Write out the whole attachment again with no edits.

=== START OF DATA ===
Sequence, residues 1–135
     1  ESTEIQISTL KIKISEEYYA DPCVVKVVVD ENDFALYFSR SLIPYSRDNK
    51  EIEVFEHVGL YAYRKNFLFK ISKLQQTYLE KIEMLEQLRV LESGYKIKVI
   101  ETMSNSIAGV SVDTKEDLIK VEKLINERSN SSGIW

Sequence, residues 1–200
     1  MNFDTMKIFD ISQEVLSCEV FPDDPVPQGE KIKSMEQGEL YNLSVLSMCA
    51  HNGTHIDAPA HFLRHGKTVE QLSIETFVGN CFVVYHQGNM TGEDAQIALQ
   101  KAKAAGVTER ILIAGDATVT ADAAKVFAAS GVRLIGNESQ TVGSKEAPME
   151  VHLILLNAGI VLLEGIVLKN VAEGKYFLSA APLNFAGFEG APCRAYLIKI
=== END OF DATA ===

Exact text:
Sequence, residues 1–135
     1  ESTEIQISTL KIKISEEYYA DPCVVKVVVD ENDFALYFSR SLIPYSRDNK
    51  EIEVFEHVGL YAYRKNFLFK ISKLQQTYLE KIEMLEQLRV LESGYKIKVI
   101  ETMSNSIAGV SVDTKEDLIK VEKLINERSN SSGIW

Sequence, residues 1–200
     1  MNFDTMKIFD ISQEVLSCEV FPDDPVPQGE KIKSMEQGEL YNLSVLSMCA
    51  HNGTHIDAPA HFLRHGKTVE QLSIETFVGN CFVVYHQGNM TGEDAQIALQ
   101  KAKAAGVTER ILIAGDATVT ADAAKVFAAS GVRLIGNESQ TVGSKEAPME
   151  VHLILLNAGI VLLEGIVLKN VAEGKYFLSA APLNFAGFEG APCRAYLIKI